Not sure if this is the correct forum, please redirect if not..
Just wondering if anyone has any experience with storing tree and veggie seeds off-grid with no fridge? I have a large formidable seed collection that’s been in the fridge up to this point, but the big move has started!
My thoughts are to dig a 4’ pit and store the seeds inside a heavy duty construction bin then bury it for now. They will be used in spring of 2020.
Any experience with this situation is appreciated!
For now, leave them in the fridge. The insulation should keep it relatively cool. Depending on your area, if you have the freon removed you could simply set the whole thing down into the ground and have a built-in storage area. The insulation of the machine, coupled with the insulation of the soil, should work fine. My parents used an old fridge for this when I was a kid. It was our root cellar for years, until the back rusted out and gophers got in.
Zone 5b/6a, alkaline soil, 12 inches of water per year. For now the goal is a water independent urban homestead with edible landscaping and food forest.
I used to keep my seeds in the refrigerator but found out that was ruining them by moisture. The heirloom seed site that I order from had a blog on seed saving which I can't find a link for now. In essence it said that keeping seeds DARK and away from humidity were the most important factors. Cooler (50s-60s) temps are best too. The way I have been keeping seeds is to place in zip lock type baggies that I put into a empty (large) coffee tin with plastic lid and that kept in our cellar. Also some seeds stay viable longer than others. basically the smaller the seed, the less year/s it can remain viable. Larger, more dense seeds (beans) can remain viable for several years. Do mark your seeds with variety name and year of harvest.
I don't know if burying them is the best, due to the moisture. Having said that, I've been really mean to my seeds since we went off grid and they're okay.
Our first summer was spent outside and it was really wet and cold. Lots of our stuff got moldy, it was so humid. My seeds were all in paper envelopes in a cardboard box...so not good conditions.
Now they're on a high shelf inside, still in their paper envelopes. In damp spring and fall, humidity in the house is the same as outside or higher, so not great for seeds. In the summer it's fairly to very dry, but hot. In the winter it's quite dry, but hot as well from the wood stove.
I haven't done germination tests, so I can't give you numbers. I have seeds that are years old that I'm still using, though. I seed heavily anyway, so something always comes up.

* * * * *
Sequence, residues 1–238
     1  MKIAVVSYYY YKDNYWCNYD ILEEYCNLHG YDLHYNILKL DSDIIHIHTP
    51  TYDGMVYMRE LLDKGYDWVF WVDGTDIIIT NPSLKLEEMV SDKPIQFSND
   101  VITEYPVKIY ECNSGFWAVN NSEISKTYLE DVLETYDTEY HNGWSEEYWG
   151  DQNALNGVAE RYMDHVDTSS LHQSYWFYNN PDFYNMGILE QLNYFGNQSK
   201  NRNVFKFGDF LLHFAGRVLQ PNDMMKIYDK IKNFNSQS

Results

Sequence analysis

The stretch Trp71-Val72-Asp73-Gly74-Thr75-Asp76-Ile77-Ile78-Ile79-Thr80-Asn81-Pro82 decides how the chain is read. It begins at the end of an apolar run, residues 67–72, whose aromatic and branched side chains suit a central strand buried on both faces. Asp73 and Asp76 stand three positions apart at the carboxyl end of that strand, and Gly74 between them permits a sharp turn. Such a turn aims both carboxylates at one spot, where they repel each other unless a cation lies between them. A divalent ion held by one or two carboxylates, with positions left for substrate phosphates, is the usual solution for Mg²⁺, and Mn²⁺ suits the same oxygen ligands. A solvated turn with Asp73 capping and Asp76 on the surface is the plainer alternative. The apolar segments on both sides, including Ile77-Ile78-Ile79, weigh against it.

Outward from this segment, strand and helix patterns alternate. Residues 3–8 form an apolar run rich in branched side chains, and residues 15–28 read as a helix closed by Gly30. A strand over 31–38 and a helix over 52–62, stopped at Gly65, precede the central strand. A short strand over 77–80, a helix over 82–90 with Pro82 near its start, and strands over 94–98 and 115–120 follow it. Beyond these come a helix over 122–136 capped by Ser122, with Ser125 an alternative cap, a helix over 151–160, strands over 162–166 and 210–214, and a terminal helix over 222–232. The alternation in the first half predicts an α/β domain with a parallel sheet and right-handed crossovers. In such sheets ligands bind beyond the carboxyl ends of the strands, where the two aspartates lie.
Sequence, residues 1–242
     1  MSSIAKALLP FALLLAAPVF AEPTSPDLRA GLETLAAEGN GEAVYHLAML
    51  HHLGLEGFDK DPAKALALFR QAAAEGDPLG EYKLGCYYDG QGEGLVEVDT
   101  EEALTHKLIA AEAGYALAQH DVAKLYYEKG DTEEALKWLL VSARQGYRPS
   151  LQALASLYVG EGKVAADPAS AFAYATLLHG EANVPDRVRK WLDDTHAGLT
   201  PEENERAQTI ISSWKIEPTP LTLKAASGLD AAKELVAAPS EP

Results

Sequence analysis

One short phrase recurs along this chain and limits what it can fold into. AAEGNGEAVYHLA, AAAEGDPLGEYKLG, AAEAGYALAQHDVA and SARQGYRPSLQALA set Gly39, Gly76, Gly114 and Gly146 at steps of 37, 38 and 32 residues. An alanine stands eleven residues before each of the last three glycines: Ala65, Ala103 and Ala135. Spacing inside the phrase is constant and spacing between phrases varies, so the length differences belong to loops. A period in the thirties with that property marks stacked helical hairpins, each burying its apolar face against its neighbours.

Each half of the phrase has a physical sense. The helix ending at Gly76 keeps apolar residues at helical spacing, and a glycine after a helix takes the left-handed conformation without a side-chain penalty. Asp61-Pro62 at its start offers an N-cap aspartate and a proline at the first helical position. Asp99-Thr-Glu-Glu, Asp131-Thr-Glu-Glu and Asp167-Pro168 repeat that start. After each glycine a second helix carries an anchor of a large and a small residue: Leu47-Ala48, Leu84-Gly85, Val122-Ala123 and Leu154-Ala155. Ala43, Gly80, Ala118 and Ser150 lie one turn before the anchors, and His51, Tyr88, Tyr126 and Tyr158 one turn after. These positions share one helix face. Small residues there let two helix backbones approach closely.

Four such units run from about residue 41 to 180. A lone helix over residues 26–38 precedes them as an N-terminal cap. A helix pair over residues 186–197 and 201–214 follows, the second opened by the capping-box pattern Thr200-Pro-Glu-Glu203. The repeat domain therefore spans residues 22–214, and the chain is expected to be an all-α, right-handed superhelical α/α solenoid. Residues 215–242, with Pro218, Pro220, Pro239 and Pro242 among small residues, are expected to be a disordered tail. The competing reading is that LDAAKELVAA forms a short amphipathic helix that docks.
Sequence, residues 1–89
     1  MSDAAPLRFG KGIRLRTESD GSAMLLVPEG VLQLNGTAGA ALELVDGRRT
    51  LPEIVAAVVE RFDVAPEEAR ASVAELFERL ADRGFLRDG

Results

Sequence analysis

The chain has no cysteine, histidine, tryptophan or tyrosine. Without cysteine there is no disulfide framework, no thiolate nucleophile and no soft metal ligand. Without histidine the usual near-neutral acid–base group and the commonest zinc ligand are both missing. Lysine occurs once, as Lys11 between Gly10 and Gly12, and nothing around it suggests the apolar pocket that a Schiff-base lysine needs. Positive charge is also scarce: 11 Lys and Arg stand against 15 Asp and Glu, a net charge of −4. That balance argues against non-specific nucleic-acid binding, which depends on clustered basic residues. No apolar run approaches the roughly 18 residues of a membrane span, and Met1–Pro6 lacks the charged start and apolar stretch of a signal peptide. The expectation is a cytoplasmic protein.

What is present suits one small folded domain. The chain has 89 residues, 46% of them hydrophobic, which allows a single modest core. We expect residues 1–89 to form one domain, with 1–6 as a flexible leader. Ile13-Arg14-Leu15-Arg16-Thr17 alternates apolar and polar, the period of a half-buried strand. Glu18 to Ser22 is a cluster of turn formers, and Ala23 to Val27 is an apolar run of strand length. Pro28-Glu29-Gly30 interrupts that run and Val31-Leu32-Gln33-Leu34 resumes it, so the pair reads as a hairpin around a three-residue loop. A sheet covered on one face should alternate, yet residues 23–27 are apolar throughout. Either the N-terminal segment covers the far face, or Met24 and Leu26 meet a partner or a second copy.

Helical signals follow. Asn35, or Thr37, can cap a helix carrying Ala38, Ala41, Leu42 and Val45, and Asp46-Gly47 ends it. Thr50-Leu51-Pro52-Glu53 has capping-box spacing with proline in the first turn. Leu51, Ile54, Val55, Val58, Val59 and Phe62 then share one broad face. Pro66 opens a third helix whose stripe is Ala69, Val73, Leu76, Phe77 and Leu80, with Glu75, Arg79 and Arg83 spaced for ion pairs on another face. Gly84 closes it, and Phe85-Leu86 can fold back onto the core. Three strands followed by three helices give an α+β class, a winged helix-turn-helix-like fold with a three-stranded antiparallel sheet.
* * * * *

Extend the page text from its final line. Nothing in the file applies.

I agree about the moisture from putting things in the ground. I had some important papers I did that with. I put them in several zip lock bags and a jar with a tight fitting lid. My thought was they would be safe from fire.
When I took them out, everything was sealed good though the papers were slightly mildewed and smelled really bad.
I would not want to take a chance that my seeds might mildew.
Invasive plants are Earth's way of insisting we notice her medicines. Stephen Herrod Buhner
Everyone learns what works by learning what doesn't work. Stephen Herrod Buhner
Generally speaking I always save my seeds in paper envelopes collectively stored in a tin in my back room. The tin keeps out varmints and light while the back room tends to be cooler during the winter at least. I haven't had any problems with this. Many of my seeds are many years old and still seem to germinate. Though as someone else noted older seeds tend to have lower germination rates. I think there may be some types of seeds that need cold stratification using a fridge/freezer to germinate properly but generally speaking that isn't necessary in my experience.
I have a similar situation, trying to find an electricity-free option for the university's seed production and distribution project we're working on.
The solution I'm coming up with is to use sawdust. It absorbs huge amounts of water and is an outstanding insulation. Large totes or boxes filled with sawdust, then fit the seed containers in that and cover them until you need to access.
Honestly, if you are using the seeds next spring, you can probably put them just about anywhere dry. There are very few seeds that degrade that quickly, even in less-than-ideal storage conditions - as far as I know, for vegetables, only parsnip and onion seed is that sensitive.
We store our seeds in ziploc baggies inside a box in a cool, dark closet. However, our climate is cool and dry, so we could put seeds basically anywhere and have them do fine. If you live someplace hot and muggy, you'll want to make an extra effort to keep the seeds cool and dry, but you are talking about such a short time span (until next spring) that you probably don't have much to worry about, and it's likely not worth putting a huge amount of effort into (like burying containers and such).
If you like strawberry rhubarb pie, try blueberry rhubarb (bluebarb) pie. And try this tiny ad: